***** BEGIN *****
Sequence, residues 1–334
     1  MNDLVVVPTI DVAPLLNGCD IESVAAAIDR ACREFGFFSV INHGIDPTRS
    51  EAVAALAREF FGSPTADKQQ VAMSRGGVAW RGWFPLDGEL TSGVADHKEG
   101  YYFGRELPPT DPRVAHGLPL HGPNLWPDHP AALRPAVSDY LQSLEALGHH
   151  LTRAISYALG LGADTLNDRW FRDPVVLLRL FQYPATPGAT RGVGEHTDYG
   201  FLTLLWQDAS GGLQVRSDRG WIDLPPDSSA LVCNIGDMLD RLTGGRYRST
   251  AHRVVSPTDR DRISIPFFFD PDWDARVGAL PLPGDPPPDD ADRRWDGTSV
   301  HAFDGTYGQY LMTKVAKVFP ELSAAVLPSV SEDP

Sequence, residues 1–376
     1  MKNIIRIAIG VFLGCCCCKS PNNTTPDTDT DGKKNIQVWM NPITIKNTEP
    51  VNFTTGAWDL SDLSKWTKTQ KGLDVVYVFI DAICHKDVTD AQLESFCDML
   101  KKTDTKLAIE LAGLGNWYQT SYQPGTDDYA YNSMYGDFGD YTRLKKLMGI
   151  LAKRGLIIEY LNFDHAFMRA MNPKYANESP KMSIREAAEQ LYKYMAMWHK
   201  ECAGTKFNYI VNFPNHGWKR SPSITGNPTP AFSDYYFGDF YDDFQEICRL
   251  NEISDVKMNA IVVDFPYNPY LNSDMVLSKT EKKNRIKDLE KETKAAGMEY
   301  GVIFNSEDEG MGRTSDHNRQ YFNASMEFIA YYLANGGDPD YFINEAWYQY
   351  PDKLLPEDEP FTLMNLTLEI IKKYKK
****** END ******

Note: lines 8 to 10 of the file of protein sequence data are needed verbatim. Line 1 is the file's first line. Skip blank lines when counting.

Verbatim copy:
   301  HAFDGTYGQY LMTKVAKVFP ELSAAVLPSV SEDP

Sequence, residues 1–376
     1  MKNIIRIAIG VFLGCCCCKS PNNTTPDTDT DGKKNIQVWM NPITIKNTEP